Motor Development FAQ With Darcy Dzurino Fass
May 23, 2022
Most of us walk and run every day without a second thought to all the cognitive and motor skills that are required for these simple tasks. But, when we’re raising children of our own, we get to see everything that it takes to build these skills that will eventually allow our little babies to do the same one day. From pushing through diligent tummy time sessions in those first few months of life, to taking those wobbly first steps, our babies amaze us with their hard work and rapid improvement. In the blink of an eye, they go from helpless, immobile newborns to rambunctious, speedy toddlers who somehow move faster than our eyes can track. But, in between those two stages, there’s a lot of milestones that we wait and wait for our little ones to hit. We do a lot of Googling, obsessing, worrying, and celebrating because these small milestones are huge for these babies, who could barely lift their heads off the floor just a little while ago.
It’s hard not to obsess over whether our kids meet their milestones on time, and even harder not to compare them to other kids who seem to progress more quickly than our own. But, the truth is that every child is different and develops at their own pace. These milestones simply exist as an average, but parents who are concerned about their child’s development can seek help from professionals who can help these children reach their full potential. One such professional is Darcy Dzurino Fass, PT, DPT. As a pediatric physical therapist, Darcy is the owner and creator of Tips & Pediatricks, which serves as a platform to educate and empower parents or caregivers. She is based in Orlando, Florida, and has spent the past five years helping parents feel heard, and helping children learn fun and purposeful play to promote their development. We teamed up with Darcy to answer your top questions about gross motor development in babies and children.
Q: How soon will babies usually walk once they can pull to stand or crawl?
DF: I feel like every baby is different when it comes to this. If you’re talking about typical neurodevelopment, a baby can start to walk any time between 3 to 5 months after pulling to stand. But, it could be earlier and it could be later. They could start walking a few days after crawling, or it could be months after crawling. That’s why there are ranges for normal skill acquisition for kids with typical neurodevelopment.
Q: Is it bad to let my 3.5-month old sit on my lap?
DF: Babies at 3.5 months old are totally fine to do some short durations of upright sitting on your lap, as long as they have fair to good head control. It shouldn’t harm anything in their spine!
Q: How can I help my baby learn to roll?
DF: To help your baby roll from back to belly, take a toy and try to get them interested in it so that they’ll maybe roll onto their side or at least initiate the roll. If they aren’t laying on their side yet, you can take a hand and put it on their hip to help them roll onto their side. You can take your hand on their hip and gently pull down toward their feet so that they have to lift their head and trunk on their own. Make them do as much work as possible because that’s the only way they’re going to learn. If their arm gets stuck, shift their weight to the opposite side and see if they bring up their arm on their own.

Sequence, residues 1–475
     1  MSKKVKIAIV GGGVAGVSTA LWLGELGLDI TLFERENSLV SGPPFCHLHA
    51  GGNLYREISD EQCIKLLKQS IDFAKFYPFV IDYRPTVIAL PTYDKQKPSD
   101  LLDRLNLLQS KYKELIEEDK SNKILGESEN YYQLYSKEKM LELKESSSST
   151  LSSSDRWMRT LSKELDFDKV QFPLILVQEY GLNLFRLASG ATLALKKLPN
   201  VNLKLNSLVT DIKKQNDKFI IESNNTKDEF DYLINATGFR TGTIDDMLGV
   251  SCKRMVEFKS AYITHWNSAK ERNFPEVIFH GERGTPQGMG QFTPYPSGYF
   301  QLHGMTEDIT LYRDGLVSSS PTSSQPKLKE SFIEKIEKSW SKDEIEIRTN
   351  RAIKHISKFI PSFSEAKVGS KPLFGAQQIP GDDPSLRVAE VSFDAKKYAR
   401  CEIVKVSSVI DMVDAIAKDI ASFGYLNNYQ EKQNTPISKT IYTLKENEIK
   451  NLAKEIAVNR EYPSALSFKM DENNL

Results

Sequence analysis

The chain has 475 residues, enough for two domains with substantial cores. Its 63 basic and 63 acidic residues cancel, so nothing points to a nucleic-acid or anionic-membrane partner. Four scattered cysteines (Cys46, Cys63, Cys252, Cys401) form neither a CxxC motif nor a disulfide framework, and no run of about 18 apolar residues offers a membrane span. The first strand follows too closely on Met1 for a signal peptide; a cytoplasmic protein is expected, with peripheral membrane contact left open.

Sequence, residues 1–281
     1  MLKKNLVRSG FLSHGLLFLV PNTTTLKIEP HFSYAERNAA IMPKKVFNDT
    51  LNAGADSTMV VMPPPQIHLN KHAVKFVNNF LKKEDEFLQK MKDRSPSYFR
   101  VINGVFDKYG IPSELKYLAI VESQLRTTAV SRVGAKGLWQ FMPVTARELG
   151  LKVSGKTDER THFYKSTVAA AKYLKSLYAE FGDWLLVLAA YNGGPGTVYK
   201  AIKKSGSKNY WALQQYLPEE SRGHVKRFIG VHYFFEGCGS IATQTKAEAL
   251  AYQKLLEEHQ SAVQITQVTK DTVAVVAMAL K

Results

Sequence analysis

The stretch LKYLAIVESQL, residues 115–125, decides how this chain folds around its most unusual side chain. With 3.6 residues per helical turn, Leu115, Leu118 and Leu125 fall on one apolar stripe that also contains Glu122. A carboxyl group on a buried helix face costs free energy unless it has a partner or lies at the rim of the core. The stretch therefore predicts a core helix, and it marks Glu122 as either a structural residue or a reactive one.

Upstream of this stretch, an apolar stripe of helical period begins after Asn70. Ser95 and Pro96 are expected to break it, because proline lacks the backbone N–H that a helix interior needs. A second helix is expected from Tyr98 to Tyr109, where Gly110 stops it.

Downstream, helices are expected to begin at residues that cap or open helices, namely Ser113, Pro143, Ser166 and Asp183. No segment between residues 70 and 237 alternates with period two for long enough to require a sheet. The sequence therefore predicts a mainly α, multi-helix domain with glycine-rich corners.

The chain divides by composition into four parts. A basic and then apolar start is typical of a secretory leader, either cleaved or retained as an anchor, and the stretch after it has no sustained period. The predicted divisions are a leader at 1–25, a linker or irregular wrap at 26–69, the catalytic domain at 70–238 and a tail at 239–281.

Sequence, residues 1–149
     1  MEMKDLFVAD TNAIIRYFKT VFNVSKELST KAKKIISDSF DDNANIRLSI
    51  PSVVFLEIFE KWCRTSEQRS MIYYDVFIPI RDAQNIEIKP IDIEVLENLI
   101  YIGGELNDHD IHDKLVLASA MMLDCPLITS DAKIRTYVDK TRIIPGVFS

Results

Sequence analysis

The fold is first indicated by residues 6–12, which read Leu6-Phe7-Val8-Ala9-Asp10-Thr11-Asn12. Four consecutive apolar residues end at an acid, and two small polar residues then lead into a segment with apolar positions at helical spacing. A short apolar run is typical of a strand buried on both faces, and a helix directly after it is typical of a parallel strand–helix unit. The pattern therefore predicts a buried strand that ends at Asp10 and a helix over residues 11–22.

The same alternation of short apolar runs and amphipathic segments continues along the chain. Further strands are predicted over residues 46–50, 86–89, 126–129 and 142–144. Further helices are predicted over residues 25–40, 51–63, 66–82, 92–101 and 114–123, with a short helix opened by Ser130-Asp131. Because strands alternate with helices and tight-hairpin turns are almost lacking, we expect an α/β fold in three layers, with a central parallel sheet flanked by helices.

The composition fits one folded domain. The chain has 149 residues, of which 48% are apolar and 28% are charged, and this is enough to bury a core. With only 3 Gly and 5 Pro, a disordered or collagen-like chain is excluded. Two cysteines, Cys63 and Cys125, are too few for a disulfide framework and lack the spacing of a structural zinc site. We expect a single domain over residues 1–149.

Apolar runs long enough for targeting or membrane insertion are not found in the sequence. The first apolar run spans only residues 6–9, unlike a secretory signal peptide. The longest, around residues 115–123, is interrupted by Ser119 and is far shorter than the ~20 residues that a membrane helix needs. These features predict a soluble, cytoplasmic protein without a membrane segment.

To help your baby roll from belly to back, move a toy for them to visually track upward toward the ceiling. Position the arm that they are rolling over up toward their head so that it doesn’t get stuck. You can also place your baby on their side and try to make them do the rest of the work by moving their toy upward for them to track. Gravity will help your baby roll more if they are placed on an incline. You can use a pillow and prop something underneath one edge so that it creates an inclined surface.
Q: What are some tips to get my 12-month old walking? He stands with support only.
DF: At 12 months, it can be totally typical that your little one is not independently walking yet. I wouldn’t fret about it until around 16 months of age, if they still aren’t doing some of those precursors to walking. To encourage your little one, you can place toys along furniture to set up the environment to “cruising.” You can also place two different surfaces right next to each other to encourage “bridging,” then try to see if they will transfer between surfaces set up in your house. Start them within arm’s reach!
Q: My baby likes to “stand” with support at 4 months. Is this okay? Will this hurt her legs or hips?
DF: At 4 months, your baby’s hip joints aren’t necessarily developed enough for this. Their hip sockets are very shallow at that age, so I wouldn’t do long durations of standing. You can support them in standing while holding them for up to a minute or so, but I wouldn’t place them in standing position for long durations at this time because it can actually be harmful to their hips and hip development.
Q: My 9-month old sits, rolls, pivots, pushes up on their hands, but can’t get into or out of sitting, get on all fours, or crawl. Should I be concerned?
DF: 9 months is kind of right on that cusp where I would be wondering, “Why aren’t you crawling? Why aren’t you getting on your hands and knees?” But it sounds like your baby is doing a lot of the precursors to crawling, so I wouldn’t be too concerned about it.
About the Author: Alice
Alice Mendoza is a copywriter and blog writer based in Los Angeles. She began writing for a baby brand while on maternity leave, and realized she had found her niche. Today, she writes exclusively within the baby space, using her BFA in Creative Writing and her own experience as a mother to guide her. When she’s not working, you can find her chasing down her toddler, going on walks around the neighborhood, or watching reality TV.